International relations and the process of
customary international law
In thinking about the chronological paradox, the problem of State practice, the epistemological circle and the problem of inferred consent, it may help to consider the customary process from the perspective of international relations theory. Before doing so, it bears repeating that this book does not set out a new normative theory of customary international law.1 Instead, it seeks to cast light on traditional, theoretical problems of customary international law by considering factors which are not strictly legal in character.
On the basis of the definitions provided by Keohane and Young, the process of customary international law is clearly an institution. In Keohane's terms, it is a persistent and connected set of informal rules which prescribe behavioural roles, constrain activity and shape expectations.2 In Young's terms, it is an identifiable social convention which results from the convergence of patterned behaviour and actor expectations, and to which States conform without making elaborate calculations on a case-by-case basis.3 The similarities between Young's definition of institutions and traditional definitions of customary international law, namely the convergence of State practice and opinio juris, are striking.4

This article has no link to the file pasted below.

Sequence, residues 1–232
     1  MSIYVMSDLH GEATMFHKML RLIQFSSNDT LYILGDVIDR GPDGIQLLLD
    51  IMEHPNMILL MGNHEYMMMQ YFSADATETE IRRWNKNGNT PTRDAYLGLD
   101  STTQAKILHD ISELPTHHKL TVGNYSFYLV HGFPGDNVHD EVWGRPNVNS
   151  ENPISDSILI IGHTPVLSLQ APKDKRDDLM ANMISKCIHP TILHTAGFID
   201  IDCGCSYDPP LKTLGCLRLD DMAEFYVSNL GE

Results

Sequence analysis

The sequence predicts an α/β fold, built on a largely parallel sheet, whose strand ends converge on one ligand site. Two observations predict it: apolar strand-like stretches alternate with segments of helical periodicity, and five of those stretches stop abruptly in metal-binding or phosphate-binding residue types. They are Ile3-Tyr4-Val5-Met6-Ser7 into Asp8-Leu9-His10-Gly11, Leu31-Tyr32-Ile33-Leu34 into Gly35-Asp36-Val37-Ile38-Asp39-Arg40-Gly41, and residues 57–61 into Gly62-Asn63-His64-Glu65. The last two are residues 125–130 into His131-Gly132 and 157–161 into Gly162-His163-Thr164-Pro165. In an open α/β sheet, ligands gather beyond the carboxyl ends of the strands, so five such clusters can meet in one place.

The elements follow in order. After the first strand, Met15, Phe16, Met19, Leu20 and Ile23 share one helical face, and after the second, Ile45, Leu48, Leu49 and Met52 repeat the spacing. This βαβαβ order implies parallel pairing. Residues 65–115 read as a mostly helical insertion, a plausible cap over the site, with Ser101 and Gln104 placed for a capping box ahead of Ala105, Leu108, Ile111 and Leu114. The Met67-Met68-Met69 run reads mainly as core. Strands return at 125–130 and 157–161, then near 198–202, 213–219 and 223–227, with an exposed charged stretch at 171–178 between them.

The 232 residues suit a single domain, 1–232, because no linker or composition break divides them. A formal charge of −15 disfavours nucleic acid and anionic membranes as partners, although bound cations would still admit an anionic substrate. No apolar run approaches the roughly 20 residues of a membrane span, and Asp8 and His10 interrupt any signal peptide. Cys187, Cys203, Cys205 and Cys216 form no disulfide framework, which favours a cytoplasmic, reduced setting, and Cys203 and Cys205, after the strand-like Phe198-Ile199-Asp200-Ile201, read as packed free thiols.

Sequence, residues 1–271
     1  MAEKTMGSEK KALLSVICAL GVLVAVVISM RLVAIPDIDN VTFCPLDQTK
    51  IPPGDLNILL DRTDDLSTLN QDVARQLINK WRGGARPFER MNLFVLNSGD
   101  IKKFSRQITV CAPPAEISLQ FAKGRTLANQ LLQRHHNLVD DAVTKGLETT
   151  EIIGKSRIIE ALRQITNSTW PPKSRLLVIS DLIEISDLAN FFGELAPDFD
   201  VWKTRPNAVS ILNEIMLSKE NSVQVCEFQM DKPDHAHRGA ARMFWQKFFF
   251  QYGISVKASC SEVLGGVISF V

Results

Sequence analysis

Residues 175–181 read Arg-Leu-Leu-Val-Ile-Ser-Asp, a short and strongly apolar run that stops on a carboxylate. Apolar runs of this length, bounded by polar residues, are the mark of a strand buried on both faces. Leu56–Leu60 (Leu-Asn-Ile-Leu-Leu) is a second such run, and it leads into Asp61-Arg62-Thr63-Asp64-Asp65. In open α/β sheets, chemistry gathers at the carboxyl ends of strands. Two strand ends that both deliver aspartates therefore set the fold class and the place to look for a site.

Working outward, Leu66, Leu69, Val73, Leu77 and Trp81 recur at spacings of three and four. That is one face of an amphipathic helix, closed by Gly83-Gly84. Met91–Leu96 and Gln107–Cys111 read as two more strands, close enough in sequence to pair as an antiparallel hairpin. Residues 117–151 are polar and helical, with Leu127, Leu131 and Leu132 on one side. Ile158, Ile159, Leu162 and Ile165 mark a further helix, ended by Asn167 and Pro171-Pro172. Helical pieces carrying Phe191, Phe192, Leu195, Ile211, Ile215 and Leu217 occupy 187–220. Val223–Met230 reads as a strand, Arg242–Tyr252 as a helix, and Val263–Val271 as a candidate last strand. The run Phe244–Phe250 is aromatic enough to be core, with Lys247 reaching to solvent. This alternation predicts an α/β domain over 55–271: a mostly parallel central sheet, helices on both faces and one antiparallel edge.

The process of customary international law would also seem to fit within the scope of the well-known definition of international regimes provided by Krasner et al., namely, 'sets of implicit or explicit principles, norms, rules and decision-making procedures around which actors' expectations converge in a given area of international relations'.5 Perhaps most importantly, it seems to fit comfortably within that strand of institutionalist writing which has explored the concept of epistemic communities.6 As Wendt has explained:____________________